I Was Shot in the Head: Stories of Survival

After suffering the unimaginable, these men overcame their wounds, both physical and mental

In the movies, a gunshot to the head usually signals the end. But in real life, that isn’t always true. The brain is amazingly resilient and, depending on the type and location of the injury, some gunshot victims can survive and go on to live healthy, productive and inspiring lives.

Rep. Gabrielle Giffords remains in critical condition after suffering a gunshot wound to the head in the mass killings outside a Tucson supermarket on January 8. But doctors say the Congresswoman's progress is encouraging. Here are the amazing stories of three others who survived similar injuries, and what they’d like Rep. Giffords to know about life after a traumatic head injury.

Don’t look back; move forward
Ian Stewart made a career out of chasing wars around the globe. From Cambodia to the Congo to Sierra Leone, Stewart reported from some of the most dangerous places on the planet and eventually worked his way up to West Africa bureau chief for the Associated Press.

He was reporting on war; he wasn’t supposed to become one of its victims. But one fateful day in 1999, he and his team were attacked by child soldiers in Sierra Leone. His cameraman was killed. Stewart was shot square in the middle of his forehead. The bullet traveled along the midline of his brain and lodged in the base of his skull.

While the injury didn’t cause any cognitive problems such as memory loss or learning problems, the reporter who once ran down breaking news leads now walks with a limp and his left arm just won’t move. He had to give up his journalism post and rewrite his expectations for the next chapters in his life -- which now include a Ph.D. dissertation on child soldiers in Africa. He also had to work through issues of survivor’s guilt, post-traumatic stress and that most basic of emotions: Anger over being robbed of physical vigor and his sense of security.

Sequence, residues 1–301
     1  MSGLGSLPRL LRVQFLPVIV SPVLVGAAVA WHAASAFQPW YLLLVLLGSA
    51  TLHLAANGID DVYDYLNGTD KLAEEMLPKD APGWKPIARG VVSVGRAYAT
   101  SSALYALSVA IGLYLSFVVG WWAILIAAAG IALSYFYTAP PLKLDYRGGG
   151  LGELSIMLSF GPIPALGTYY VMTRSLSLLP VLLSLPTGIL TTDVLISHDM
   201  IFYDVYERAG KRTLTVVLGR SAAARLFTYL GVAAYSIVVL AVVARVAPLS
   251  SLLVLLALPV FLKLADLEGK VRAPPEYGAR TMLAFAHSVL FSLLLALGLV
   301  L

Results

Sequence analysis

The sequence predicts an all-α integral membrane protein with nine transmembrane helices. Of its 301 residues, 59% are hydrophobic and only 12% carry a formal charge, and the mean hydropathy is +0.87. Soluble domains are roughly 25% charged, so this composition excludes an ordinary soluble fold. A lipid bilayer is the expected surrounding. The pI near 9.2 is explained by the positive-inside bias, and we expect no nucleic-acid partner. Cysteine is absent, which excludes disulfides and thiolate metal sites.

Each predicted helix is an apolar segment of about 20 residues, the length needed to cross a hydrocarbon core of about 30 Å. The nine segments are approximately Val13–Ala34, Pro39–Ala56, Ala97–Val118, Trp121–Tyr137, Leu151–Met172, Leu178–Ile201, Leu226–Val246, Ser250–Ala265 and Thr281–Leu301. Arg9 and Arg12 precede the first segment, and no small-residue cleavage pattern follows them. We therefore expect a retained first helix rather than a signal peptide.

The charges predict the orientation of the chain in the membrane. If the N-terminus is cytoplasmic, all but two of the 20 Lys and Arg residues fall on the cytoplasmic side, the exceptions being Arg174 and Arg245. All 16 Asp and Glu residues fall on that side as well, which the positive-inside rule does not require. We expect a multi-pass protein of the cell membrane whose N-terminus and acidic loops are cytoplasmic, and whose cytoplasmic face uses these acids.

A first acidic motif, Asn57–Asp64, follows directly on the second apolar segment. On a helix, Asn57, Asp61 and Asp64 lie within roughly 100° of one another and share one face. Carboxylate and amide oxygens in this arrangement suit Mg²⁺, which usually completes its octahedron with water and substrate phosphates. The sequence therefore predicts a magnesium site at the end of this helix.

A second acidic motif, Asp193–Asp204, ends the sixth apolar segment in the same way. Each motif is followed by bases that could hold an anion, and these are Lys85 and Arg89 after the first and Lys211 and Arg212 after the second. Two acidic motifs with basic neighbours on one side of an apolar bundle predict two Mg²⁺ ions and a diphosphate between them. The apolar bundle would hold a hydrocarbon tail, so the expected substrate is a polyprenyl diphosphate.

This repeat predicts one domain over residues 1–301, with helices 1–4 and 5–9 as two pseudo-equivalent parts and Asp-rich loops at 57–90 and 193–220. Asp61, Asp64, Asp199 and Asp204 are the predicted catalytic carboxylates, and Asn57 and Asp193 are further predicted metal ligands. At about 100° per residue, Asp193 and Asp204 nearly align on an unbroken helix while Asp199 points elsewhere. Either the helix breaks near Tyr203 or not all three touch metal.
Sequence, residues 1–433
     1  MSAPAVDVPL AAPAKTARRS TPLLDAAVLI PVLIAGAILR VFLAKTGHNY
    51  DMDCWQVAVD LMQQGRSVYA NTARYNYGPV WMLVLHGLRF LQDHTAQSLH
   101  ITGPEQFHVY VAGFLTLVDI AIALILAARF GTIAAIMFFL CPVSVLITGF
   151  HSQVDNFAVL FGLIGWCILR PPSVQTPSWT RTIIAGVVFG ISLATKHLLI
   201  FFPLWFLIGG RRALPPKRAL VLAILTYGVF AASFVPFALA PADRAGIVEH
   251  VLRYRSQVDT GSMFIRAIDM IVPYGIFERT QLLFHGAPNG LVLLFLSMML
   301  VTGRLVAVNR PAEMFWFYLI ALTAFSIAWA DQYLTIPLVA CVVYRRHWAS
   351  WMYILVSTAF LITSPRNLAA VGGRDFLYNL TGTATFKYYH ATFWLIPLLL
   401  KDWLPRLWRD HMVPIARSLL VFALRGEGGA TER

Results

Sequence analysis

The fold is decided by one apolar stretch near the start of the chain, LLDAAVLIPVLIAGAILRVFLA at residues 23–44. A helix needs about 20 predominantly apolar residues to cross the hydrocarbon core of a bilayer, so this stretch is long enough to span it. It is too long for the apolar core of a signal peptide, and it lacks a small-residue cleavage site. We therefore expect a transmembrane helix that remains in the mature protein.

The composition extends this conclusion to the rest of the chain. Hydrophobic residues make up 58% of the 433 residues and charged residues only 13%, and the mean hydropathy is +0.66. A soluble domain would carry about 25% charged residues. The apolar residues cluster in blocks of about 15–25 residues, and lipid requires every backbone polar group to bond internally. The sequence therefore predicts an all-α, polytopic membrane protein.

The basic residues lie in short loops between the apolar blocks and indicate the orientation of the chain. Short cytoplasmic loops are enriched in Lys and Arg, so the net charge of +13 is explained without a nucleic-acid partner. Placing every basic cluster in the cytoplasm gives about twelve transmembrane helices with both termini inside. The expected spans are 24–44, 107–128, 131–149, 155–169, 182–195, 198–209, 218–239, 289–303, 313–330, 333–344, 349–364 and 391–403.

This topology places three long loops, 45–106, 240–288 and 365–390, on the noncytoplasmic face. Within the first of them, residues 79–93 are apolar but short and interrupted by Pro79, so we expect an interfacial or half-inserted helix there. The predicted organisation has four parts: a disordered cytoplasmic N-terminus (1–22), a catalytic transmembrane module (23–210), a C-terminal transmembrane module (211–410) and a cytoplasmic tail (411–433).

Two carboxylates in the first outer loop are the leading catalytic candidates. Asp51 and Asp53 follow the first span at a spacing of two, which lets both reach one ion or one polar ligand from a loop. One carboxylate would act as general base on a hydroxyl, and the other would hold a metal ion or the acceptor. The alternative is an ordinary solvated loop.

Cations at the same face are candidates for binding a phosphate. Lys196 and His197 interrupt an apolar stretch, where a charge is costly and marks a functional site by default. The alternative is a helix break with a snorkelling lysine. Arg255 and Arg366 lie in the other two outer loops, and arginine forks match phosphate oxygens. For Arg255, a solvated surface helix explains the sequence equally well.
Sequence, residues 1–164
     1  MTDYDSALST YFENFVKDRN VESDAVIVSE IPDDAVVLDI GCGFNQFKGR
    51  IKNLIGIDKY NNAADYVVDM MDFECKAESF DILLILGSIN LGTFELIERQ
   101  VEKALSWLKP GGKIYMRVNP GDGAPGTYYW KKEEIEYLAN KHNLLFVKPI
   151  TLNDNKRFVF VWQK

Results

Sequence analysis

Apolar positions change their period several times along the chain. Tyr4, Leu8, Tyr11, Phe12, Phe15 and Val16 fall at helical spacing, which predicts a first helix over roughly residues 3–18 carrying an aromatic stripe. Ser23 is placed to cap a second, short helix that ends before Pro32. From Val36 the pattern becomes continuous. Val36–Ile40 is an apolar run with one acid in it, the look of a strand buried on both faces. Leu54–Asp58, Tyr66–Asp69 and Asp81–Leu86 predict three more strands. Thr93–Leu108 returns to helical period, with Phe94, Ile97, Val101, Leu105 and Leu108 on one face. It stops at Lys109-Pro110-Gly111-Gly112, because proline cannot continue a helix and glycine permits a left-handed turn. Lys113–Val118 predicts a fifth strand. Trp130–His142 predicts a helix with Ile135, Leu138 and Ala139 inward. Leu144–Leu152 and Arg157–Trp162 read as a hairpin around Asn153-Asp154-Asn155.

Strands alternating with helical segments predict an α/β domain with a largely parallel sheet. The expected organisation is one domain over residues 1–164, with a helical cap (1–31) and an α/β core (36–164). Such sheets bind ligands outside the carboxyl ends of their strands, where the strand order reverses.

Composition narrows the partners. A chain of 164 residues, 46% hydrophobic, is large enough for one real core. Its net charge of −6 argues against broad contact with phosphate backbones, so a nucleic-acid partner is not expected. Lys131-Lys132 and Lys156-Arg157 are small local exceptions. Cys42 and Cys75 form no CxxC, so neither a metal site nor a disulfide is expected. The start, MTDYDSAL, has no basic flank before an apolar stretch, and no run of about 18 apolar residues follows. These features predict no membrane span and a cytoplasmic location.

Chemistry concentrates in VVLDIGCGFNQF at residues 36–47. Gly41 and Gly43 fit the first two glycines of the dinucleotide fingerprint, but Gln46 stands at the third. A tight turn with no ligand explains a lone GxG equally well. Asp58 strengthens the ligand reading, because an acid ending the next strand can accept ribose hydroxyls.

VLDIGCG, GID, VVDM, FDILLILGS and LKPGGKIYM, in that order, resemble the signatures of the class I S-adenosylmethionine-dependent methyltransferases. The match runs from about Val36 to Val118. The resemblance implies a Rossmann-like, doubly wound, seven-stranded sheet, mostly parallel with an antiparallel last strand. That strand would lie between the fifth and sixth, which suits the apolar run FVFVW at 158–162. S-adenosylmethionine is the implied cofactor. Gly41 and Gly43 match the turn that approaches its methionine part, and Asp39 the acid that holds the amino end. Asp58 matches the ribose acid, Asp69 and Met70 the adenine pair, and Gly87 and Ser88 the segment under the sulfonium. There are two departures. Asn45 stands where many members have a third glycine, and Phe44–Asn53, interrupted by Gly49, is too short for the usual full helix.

While every brain injury is different, Stewart expects that Giffords -- who is also accustomed to a fast-paced life and who survived when others didn’t -- might deal with some of the same challenges.

“You have to channel all of your energy into recovery and let go of things like anger,” says Stewart, 44, who now lives in Santa Fe, N.M. and went through years of counseling following his ordeal. “I was angry for years and I think that just retarded my recovery.”

Stewart feels deeply for the challenges Giffords faces and hopes that if nothing else, she can learn to accept whatever deficits the injury might leave her with. “I used to measure ‘Ian Before’ (the shooting) against ‘Ian After,’” says Stewart. “But ‘Ian After’ will never be ‘Ian Before.’ My arm will never be functional. This is as much as I’m going to get. But my life is good. I’m married. I’ve got kids. I’m very happy. Don’t chase after something you had before. Embrace what you’ve got and move on with your life.”

NEXT: A pre-med student’s future is radically changed

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